New study renews the question of whether mammograms provide more benefits or harms
A new study has led to amped up questioning of mammograms as appropriate breast cancer screenings.
The study, published this week in the New England Journal of Medicine, heightens discussions of recent years of whether the screening benefits outweigh the harms.
Clearly the jury's still out.
|Dr. H. Gilbert Welch|
The study, the AP wrote, had concluded that women were "more likely to be diagnosed with a small tumor...not destined to grow than she is to have a true problem spotted early."
Many experts believe that improved treatment has rendered early detection less important, and that screenings are worth it only when they detect life-threatening cancers whose treatment would increase survival rates beyond what would occur if the disease were treated only when it became absolutely necessary.
The new thinking, advocated by Welch, is that many early cancers will never grow or spread or become a health threat.
Screenings can lead to overdiagnosis and overtreatment.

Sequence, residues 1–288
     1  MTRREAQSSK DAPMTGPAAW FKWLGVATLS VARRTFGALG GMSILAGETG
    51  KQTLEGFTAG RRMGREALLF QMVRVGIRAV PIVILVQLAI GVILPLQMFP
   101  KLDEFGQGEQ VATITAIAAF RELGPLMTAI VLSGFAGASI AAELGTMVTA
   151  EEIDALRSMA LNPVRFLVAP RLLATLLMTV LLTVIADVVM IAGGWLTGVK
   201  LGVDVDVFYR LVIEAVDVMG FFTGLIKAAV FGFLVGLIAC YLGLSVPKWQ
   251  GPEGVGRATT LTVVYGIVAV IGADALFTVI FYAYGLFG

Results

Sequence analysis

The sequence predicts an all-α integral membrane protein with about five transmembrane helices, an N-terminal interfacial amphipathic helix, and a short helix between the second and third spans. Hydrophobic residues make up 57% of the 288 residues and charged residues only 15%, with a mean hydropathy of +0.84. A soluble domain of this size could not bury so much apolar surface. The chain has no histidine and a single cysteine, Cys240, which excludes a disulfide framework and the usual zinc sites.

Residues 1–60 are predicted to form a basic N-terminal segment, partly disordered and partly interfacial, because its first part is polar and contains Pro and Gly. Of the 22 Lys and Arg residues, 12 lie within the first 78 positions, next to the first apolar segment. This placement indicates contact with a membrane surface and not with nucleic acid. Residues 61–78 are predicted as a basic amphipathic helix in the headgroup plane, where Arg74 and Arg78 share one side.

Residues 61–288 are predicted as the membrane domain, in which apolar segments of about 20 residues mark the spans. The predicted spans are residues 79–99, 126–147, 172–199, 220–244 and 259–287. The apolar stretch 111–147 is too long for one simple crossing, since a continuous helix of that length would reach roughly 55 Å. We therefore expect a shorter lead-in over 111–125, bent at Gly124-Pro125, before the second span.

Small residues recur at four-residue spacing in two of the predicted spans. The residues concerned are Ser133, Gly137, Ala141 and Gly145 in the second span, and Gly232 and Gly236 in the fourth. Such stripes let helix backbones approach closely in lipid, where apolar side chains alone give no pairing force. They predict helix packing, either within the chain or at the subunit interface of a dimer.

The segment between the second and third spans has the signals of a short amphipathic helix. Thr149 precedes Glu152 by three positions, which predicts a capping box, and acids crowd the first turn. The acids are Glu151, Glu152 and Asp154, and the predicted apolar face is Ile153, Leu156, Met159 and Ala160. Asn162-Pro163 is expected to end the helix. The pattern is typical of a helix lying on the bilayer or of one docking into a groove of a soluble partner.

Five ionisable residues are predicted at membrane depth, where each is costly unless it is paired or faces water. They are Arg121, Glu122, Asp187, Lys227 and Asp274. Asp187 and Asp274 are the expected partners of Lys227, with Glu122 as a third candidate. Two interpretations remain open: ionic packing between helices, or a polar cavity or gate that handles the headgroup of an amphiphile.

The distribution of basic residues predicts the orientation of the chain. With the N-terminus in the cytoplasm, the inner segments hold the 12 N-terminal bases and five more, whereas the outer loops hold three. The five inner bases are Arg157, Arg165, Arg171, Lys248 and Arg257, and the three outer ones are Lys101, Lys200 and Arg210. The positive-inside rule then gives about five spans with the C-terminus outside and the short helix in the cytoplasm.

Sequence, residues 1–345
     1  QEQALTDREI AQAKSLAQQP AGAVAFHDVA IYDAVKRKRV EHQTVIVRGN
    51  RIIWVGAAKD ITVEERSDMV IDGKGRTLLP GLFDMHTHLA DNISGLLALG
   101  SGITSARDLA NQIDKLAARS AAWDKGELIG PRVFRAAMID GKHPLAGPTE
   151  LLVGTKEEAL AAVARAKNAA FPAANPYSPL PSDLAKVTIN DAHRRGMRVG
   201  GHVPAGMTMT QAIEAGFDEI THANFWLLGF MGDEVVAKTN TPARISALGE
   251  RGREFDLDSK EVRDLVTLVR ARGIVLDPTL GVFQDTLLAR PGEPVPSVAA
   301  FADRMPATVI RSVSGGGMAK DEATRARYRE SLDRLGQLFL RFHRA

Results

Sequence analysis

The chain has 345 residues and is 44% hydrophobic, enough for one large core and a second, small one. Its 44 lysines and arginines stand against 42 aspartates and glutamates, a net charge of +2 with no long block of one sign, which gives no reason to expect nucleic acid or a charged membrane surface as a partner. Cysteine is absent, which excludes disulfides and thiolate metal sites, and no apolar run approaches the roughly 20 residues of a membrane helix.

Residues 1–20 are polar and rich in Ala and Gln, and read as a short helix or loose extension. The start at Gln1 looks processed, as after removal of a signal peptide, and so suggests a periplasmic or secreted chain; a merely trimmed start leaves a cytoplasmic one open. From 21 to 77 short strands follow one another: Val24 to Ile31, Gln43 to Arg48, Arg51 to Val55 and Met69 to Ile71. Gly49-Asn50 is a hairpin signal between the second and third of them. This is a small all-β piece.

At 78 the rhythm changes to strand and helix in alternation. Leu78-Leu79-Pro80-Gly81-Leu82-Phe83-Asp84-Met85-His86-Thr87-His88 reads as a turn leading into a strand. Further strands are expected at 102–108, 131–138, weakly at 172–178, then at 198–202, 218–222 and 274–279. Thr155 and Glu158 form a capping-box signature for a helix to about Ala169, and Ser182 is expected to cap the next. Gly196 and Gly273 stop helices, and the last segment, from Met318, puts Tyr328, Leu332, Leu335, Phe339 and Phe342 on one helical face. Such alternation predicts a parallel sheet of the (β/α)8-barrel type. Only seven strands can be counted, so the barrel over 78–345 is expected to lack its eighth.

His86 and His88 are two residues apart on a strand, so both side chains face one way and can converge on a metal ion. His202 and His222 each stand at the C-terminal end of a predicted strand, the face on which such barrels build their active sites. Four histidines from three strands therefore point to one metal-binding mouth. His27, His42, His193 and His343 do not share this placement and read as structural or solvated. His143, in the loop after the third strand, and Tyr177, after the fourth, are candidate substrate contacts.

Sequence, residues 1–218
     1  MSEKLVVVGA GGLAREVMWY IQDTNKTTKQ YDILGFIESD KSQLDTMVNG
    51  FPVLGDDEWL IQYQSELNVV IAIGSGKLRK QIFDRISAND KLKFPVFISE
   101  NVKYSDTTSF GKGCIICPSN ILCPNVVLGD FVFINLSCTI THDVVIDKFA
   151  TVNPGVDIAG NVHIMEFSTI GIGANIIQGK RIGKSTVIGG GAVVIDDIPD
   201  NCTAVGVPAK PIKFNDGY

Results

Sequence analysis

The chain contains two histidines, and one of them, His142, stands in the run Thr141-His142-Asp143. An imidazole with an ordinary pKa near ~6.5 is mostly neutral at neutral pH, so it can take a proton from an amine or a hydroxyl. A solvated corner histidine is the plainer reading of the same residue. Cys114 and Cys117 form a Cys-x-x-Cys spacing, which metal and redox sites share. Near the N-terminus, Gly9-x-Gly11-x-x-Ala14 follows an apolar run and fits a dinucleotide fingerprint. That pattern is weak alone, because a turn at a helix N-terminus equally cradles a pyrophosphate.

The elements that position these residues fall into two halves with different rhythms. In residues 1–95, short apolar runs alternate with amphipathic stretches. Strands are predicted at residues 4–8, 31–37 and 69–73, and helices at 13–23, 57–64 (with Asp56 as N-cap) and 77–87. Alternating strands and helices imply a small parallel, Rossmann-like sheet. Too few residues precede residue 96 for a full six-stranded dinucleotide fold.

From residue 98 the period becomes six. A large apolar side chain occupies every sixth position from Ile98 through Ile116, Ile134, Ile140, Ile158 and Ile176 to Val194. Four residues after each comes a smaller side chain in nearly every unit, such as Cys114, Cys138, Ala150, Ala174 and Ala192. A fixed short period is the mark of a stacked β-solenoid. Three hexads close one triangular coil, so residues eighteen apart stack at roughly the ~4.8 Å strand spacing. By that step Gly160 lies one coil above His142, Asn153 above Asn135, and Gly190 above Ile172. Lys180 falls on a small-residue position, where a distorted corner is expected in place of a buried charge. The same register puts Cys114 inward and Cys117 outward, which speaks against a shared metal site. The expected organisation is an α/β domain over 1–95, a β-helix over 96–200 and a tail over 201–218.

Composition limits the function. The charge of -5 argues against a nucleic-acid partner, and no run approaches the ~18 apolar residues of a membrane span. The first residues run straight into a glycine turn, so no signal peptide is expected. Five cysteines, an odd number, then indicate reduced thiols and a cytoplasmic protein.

Welch, in fact, was the lead author of a recent book titled "Overdiagnosis: Making People Sick in the Pursuit of Health." And the new study, Marchione's story says, "parallels work he published from the same data sources four years ago."
At least one aspect of the new study — its assumption that there's been no change in cancer incidence — has been severely challenged by Dr. Robert Smith, American Cancer Society vice president of cancer screenings, who says cases have increased.
His perspective, according to the AP story, is that "when we find breast cancer early, women have a much, much better prognosis."
The study, the article continues, applies only to screening mammograms when a problem is suspected.
More details about the long-running mammogram controversy can be found in "Rollercoaster: How a man can survive his partner's breast cancer," the VitalityPress book that I, Woody Weingarten, aimed at male caregivers.
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